has a rating of 4.8 stars
based on 41 reviews.
Trip through space with your very own time machine. The Tardis transforms your ungainly treadly into a compact bundle - handy when smuggling it onto planes and trains. Unbolt the stem to release handlebars, whip off the pedals and rear derailleur, then remove the wheels and seat. The frame is cunningly placed upside down with the wheels loaded on either side to protect the fragile bits. Shrinks into a compact package when you get to where you're going. Doctor Who?
The Tardis takes the hassle out of carting your bike about on public transport. It provides reasonable protection from abuse but won't stop it from getting squashed. Strategic placement of cardboard or closed cell foam around the fragile bits can minimise bumps and bruises. Air travel is hard on luggage, so be prepared for a bit of wear 'n' tear. You'll need to dismantle your bike a little to fit it in. Think of the packaged bike as a sandwich - with the wheels providing structure on the outside, and the frame siting upside down between them.
Remove both wheels and slip into the internal sleeves. Tighten the straps.
Clamp your thru-axles, or skewers with the plastic spacers provided, into the dropouts on your frame and forks.
Remove your disk rotors if they end up clashing with the bike when loaded. Slide some cardboard between your disk pads to prevent them being inadvertently squeezed closed in transit.
Unscrew both pedals and stash them in the zip pocket.
Take off your handlebars by undoing the faceplate or removing the entire stem. Secure alongside the forks.
Whip off the rear derailleur and tape to the chain stay. Removing the derailleur hanger is generally best. If you take out the main derailleur screw instead, be careful when reassembling - it's easy to cross-thread, which is a bad way to start your holiday.
Fully lower, or take out the seat and seat post.
Place the bike upside down in the Tardis. Zip up, seat back upright, tighten the compression straps and lock your beast away.
Road bikes over 60cm and full-noise downhill bikes may need further disassembly to squeeze in.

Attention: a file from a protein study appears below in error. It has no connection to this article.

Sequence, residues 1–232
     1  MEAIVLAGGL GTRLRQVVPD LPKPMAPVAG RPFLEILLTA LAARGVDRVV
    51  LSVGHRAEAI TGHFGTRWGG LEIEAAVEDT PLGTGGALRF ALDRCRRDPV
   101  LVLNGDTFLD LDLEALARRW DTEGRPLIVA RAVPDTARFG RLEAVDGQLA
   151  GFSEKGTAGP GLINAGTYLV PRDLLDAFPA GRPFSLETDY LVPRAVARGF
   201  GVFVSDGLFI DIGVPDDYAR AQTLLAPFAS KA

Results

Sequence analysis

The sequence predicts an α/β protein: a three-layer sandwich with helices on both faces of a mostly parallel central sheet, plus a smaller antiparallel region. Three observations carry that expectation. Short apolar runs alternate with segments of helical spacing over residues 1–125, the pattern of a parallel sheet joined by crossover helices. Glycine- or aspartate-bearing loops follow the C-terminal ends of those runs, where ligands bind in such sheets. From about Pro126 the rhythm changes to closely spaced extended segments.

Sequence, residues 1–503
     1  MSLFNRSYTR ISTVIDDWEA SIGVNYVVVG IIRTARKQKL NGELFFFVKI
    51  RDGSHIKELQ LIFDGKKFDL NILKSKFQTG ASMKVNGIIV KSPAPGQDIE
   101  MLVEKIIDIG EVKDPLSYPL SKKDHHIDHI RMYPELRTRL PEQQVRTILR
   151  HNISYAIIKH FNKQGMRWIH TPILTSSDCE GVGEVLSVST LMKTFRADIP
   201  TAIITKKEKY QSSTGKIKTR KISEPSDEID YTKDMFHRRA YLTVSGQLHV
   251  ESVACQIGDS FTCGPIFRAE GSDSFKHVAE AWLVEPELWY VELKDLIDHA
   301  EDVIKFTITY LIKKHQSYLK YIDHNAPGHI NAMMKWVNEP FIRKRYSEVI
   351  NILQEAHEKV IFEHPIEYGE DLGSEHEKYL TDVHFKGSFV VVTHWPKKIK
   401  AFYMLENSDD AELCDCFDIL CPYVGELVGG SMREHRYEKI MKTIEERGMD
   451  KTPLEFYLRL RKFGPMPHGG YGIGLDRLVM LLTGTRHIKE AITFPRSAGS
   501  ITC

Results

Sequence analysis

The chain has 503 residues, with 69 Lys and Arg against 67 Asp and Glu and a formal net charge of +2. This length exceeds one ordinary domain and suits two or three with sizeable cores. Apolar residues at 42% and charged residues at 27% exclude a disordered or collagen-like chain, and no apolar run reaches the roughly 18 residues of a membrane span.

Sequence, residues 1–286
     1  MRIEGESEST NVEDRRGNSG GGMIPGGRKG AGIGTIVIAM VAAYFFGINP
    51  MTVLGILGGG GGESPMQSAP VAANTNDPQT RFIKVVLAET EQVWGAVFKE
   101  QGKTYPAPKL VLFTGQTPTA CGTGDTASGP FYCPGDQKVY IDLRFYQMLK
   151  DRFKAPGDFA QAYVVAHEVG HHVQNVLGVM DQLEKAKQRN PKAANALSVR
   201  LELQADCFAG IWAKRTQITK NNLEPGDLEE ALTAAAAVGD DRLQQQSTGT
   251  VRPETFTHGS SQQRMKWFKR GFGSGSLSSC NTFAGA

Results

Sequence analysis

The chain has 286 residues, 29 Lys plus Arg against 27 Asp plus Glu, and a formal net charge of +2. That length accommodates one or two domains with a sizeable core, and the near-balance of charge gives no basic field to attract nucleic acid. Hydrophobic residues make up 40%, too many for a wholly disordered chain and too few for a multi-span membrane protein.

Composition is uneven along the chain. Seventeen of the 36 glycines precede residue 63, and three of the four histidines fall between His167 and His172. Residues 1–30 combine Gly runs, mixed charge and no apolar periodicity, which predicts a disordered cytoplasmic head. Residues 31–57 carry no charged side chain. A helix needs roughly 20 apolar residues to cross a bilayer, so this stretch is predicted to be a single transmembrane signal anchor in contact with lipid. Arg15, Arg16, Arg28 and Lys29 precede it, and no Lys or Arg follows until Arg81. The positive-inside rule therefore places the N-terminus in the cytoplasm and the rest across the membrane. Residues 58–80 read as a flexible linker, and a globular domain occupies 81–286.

▹ Packing your Body Bag?
The Body Bag takes the hassle out of carting your bike about on public transport. It provides reasonable protection from abuse but won't stop it from getting squashed. Adding 'disposable' cardboard stiffening or closed cell foam around the fragile bits can minimise bumps and bruises. Air travel is hard on luggage, so be prepared for a bit of wear 'n' tear.
Shift your rear derailleur into 1st gear - it's less exposed close to the frame.
Remove the front wheel and turn your handlebars so they are parallel with the top tube. There's no need to loosen the stem or remove the bars unless you have an extra long frame, or drop bars. Also slide some cardboard between your disk pads to prevent them being inadvertently squeezed closed in transit.
Unscrew both pedals and stash them in the zip pocket. Clamp your thru-axle, or skewer with the plastic spacer provided, into the front fork dropout.
Slip the bike, rear wheel first, into the round end of the Body Bag. Slide the forks into the opposite corner. The front wheel should nestle neatly between the handlebars and frame.
Lower your seat and seat post, or remove entirely.
Zip up and lock your beast away.
Road bikes over 60cm and full-noise downhill bikes may need further disassembly to squeeze in. With touring bikes you can often get away with leaving the rear rack on.
▹ Differences between the Body Bag and Tardis?
The Body Bag requires only minimal disassembly of your bike when packing. Simply whip off your front wheel, seat and pedals.
The Tardis demands more effort (and skill) to take your bike apart and put together again. Both wheels, the handle bars and rear derailleur need to be removed. The payback though is a more compact package - handy in airports and crowded public transport. More importantly it fits in the standard luggage racks on fast trains like the TGV.
Both the bags weight less than 2kg. They collapse to an easily stored A4 package when empty - and do a fair impersonation of a picnic rug at your campsite when folded out.
▹ Pros & cons of a bike bag, bike box or hard case.
Bike boxes are cheap (generally free), relatively light and disposable, but bulky.
So are challenging to fit in a taxi or bus.
Difficult to manoeuvre around airports.
And consequently are more prone to baggage handler neglect.
Hard cases provide maximum protection, but...
Are quite expensive (NZ$600 - 1000).
Very bulky so you'll need to store at your destination. As with a box you'll be challenged loading it into a taxi, bus or metro.
And very heavy - typically 8-12 Kg. Add your bike at 12-15 Kg and you'll generally blow out your 23 Kg airline allowance. Plan to negotiate or pay for excess luggage.
They are probably a good option if you own a precious composite or Ti road bike with expensive exotic wheels.
Bike bags like the Tardis are...
Reasonably priced at under NZ$200.
Weigh in at under 2 kilos - providing plenty of headroom before hitting the standard 23 Kg excess baggage ceiling.
Are low bulk for getting around public places and transport.
Easy to take with you on tour as they compress to an tidy A4 package when not in use.
Provide effective protection from the usual sources of transport damage. Remember that a mountain or touring bike is well able to survive plenty of knocks and wear 'n' tear when used in anger.
▹ Will my bike fit in this bag?
Road and touring bikes, hard-tails, XC and Trail dual suspension (26, 650B and 29 inch wheels) mountain bikes should easily fit into either bag.
Fat bikes fit also, but you may beed to deflate the tyres to reduce their width.
Road frames bigger than 60cm may require more parts removed to squeeze them in.
Full-noise downhill bikes will struggle to fit - due to their moto inspired tyres, long wheel base, high front end and triple clamp forks (which won't swivel 180 degrees as required)